July 2, 2001—Recruitment is progressing steadily for the Sonya Slifka Longitudinal Multiple Sclerosis Study. The findings from the study will dramatically expand scientific knowledge and understanding of MS, and may help MS researchers to develop more effective ways to treat this disease.
The National MS Society is conducting this long-term study of almost 2,000 people with MS across the country, to gather information about various aspects of MS. The study is named in memory of Sonya Slifka, mother of Richard Slifka, chairperson of the national board of the Society. The Slifka family has donated $1.5 million to support the study, the first of its kind to be mounted in the United States.
The concept is simple: Monitor a representative cross-section of persons with MS throughout the country over an extended period. Similar projects have been undertaken with other populations, such as the famous Framingham Heart Study, which changed the way we understand risk factors for heart disease. As the project evolves, the Society hopes to learn what happens to people with MS over time in terms of the disease course, treatment effectiveness, economic status, and quality of life. In addition, researchers expect to add to what is known concerning the possible genetic underpinnings of MS.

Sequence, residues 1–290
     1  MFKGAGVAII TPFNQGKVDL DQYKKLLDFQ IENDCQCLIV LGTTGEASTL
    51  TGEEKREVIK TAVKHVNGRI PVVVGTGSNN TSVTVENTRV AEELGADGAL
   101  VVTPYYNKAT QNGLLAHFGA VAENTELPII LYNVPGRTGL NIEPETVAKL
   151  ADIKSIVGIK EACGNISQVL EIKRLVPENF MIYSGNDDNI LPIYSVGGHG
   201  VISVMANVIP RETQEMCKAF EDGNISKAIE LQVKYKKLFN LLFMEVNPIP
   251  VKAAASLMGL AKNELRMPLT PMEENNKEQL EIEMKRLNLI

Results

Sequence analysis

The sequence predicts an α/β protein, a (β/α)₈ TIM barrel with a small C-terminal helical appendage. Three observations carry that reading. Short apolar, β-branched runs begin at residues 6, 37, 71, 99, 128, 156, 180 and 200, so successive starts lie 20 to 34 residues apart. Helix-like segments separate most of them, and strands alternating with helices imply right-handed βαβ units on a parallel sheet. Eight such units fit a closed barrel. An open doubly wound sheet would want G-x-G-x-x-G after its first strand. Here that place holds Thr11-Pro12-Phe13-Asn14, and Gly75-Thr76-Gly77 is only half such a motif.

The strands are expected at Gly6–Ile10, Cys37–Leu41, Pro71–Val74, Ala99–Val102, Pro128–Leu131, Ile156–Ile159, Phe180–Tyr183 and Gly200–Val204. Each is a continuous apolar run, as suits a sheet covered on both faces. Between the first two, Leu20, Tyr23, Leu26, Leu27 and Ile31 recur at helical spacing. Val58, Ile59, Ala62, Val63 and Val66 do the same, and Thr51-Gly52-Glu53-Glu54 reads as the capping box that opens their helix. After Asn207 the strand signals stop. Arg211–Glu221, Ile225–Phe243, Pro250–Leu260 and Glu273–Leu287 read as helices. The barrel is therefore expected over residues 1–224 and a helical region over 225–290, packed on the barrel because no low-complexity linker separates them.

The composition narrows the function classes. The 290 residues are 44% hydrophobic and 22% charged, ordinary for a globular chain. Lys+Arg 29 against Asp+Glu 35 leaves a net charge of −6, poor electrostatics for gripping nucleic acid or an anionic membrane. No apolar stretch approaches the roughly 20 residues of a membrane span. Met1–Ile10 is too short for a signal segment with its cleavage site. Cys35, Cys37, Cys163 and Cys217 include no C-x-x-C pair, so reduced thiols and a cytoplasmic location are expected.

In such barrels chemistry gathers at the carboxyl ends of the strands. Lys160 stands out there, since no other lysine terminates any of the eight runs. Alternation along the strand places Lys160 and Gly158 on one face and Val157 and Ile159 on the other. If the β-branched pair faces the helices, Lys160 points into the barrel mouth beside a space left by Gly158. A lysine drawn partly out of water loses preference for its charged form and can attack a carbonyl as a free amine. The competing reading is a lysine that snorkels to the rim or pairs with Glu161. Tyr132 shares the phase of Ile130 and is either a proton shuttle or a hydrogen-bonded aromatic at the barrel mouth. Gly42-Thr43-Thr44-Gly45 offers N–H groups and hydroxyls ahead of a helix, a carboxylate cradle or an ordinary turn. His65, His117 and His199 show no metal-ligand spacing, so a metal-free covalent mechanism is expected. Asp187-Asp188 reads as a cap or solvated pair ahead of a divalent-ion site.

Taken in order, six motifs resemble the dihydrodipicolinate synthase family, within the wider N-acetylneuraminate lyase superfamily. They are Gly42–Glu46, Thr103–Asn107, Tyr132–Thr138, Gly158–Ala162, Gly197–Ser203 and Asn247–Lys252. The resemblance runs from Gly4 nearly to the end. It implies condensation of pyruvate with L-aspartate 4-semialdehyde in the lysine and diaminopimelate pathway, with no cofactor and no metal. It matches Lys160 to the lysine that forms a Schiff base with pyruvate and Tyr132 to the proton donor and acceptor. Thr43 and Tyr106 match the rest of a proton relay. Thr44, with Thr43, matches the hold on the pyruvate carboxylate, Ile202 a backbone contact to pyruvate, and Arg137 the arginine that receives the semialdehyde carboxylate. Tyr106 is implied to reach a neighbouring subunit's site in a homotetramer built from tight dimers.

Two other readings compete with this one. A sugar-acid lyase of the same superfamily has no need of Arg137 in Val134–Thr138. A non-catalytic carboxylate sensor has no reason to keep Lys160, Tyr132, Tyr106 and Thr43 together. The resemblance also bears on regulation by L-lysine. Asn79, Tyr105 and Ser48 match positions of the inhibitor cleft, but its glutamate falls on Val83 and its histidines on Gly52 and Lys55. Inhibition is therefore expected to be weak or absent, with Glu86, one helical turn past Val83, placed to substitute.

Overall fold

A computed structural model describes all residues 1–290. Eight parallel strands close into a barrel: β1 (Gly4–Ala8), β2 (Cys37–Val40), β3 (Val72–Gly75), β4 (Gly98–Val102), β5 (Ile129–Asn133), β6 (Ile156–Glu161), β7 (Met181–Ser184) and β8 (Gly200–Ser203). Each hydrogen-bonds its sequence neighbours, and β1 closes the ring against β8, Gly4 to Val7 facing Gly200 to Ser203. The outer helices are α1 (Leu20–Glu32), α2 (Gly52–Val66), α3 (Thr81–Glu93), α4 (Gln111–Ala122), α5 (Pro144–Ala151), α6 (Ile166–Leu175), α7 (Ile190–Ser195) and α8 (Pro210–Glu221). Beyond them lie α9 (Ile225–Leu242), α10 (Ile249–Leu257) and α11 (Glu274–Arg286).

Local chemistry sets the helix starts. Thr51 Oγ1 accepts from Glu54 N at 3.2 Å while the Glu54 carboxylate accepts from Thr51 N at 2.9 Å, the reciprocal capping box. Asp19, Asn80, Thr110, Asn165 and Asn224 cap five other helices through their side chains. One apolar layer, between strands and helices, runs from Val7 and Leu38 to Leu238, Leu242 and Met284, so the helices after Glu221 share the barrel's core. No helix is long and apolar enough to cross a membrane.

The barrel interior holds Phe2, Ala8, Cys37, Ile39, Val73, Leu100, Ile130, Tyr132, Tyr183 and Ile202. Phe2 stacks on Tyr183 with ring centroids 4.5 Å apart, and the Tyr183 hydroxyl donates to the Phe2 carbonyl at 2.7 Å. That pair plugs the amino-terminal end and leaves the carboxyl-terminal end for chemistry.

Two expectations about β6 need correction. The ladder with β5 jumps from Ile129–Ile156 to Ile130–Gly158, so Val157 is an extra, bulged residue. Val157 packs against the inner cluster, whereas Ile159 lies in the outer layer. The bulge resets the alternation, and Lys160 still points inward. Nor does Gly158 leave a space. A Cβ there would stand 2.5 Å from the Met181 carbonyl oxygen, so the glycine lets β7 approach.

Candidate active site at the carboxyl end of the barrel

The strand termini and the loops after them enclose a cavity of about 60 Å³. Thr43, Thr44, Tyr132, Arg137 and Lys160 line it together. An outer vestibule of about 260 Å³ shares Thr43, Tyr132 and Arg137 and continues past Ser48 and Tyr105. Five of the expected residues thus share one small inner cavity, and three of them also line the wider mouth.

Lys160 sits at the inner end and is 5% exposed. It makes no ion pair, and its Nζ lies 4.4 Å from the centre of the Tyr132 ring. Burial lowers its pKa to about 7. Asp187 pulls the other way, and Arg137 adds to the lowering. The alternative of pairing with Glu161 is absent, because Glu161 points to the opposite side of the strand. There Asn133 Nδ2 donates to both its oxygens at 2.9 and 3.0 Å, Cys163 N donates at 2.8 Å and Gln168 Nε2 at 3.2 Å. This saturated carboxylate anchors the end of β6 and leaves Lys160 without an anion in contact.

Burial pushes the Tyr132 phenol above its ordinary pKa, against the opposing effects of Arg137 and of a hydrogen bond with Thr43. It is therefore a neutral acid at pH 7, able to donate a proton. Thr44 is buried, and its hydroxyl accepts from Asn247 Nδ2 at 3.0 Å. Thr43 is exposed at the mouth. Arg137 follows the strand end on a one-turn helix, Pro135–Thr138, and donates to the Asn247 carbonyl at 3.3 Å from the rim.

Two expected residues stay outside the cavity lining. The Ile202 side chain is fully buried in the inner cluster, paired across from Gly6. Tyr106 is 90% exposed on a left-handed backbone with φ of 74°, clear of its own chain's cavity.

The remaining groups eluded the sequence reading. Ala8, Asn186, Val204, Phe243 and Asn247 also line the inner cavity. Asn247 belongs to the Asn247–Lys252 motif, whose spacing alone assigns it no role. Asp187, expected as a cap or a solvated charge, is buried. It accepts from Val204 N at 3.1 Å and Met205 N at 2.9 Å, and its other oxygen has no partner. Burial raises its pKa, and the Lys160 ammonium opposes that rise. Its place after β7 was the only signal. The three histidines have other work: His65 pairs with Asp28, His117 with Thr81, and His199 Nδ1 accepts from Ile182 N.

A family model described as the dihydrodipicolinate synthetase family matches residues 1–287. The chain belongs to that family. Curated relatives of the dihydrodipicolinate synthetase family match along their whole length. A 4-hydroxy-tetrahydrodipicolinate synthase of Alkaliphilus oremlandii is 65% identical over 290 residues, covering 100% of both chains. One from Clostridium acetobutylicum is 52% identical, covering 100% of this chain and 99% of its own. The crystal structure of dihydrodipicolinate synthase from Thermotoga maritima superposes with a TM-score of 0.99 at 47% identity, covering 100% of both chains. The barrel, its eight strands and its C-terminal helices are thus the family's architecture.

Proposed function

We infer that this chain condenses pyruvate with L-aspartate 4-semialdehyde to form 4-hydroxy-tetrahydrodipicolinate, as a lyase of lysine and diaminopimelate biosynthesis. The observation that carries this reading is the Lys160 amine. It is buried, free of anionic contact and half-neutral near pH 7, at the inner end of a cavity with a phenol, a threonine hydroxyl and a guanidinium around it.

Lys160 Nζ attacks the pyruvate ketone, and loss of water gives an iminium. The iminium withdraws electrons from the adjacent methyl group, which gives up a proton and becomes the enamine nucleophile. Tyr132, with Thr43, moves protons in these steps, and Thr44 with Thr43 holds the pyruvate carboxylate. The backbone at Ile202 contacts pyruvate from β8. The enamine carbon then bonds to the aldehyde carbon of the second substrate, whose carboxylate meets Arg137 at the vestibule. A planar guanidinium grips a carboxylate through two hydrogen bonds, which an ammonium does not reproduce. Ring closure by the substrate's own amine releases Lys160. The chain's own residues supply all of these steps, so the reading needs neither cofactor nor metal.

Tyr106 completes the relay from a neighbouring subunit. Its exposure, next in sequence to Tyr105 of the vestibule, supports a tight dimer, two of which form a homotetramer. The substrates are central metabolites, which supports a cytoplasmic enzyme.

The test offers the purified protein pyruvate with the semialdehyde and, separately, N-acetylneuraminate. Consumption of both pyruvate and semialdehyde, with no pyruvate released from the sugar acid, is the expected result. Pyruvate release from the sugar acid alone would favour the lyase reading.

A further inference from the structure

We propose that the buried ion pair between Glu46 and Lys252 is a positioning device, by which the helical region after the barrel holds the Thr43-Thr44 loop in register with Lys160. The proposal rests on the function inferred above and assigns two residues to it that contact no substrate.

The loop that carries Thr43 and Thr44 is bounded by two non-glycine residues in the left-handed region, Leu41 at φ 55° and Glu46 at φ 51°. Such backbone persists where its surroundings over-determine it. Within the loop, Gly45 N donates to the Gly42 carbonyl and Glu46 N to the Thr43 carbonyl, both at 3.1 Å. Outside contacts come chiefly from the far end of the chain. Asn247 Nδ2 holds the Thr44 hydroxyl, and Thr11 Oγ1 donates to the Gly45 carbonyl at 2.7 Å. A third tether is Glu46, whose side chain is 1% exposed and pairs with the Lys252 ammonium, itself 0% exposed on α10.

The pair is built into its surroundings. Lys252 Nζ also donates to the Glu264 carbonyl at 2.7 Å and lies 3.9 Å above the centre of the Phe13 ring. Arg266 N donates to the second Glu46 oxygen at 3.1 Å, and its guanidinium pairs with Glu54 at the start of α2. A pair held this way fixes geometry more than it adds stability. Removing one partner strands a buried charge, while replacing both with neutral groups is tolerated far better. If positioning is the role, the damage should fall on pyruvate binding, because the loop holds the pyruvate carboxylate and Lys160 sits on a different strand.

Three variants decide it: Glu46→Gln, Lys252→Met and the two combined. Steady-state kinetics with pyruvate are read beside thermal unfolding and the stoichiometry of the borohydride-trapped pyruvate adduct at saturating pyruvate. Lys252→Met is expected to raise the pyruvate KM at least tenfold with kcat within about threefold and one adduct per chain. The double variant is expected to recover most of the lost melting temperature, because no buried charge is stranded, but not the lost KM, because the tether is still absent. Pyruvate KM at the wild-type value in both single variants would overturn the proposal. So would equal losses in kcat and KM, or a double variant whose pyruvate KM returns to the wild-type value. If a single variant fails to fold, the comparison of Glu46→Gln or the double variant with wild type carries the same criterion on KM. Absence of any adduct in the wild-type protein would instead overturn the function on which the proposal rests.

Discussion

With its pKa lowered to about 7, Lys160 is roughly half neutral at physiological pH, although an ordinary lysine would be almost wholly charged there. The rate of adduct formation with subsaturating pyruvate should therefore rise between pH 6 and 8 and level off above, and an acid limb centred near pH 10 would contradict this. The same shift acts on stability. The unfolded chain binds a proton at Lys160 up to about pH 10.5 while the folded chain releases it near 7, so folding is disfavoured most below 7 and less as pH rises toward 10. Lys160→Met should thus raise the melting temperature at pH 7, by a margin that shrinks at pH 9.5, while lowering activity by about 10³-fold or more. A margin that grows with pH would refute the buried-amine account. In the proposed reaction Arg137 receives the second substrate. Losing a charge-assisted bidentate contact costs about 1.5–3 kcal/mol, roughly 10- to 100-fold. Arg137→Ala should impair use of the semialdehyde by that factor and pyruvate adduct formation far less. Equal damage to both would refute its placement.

Sarah Minden, MD, and colleagues at Abt Associates Inc. (Cambridge, MA) were selected by peer review to implement the Slifka study. In November 2000, Abt Associates began recruitment of participants and collection of data from a national sample of members of the Society who have MS. The sample is balanced by urban/rural residence, and by region of the United States. To date, more than 1600 persons with MS have completed baseline interviews, including over 180 individuals diagnosed with MS during the past year.
Dr. Minden and colleagues are collecting comprehensive demographic, medical, and socioeconomic information through semi-annual telephone interviews and annual physician questionnaires. In addition, DNA and annual blood samples are being taken from a subsample of recently diagnosed participants and healthy controls.
At the current pace, recruitment of participants should be completed by the fall of 2001. The ultimate goal of the study is to shed light on a variety of research questions concerning health policy, the long-term course of MS, and the possible role of genetic, immunologic, therapeutic, and socioeconomic factors in disease course and quality of life. If it proves to be successful and resources are available, the Slifka Study may become a long-term project of the Society.
The National Multiple Sclerosis Society supports more MS research and helps more people with MS than any national voluntary MS organization in the world.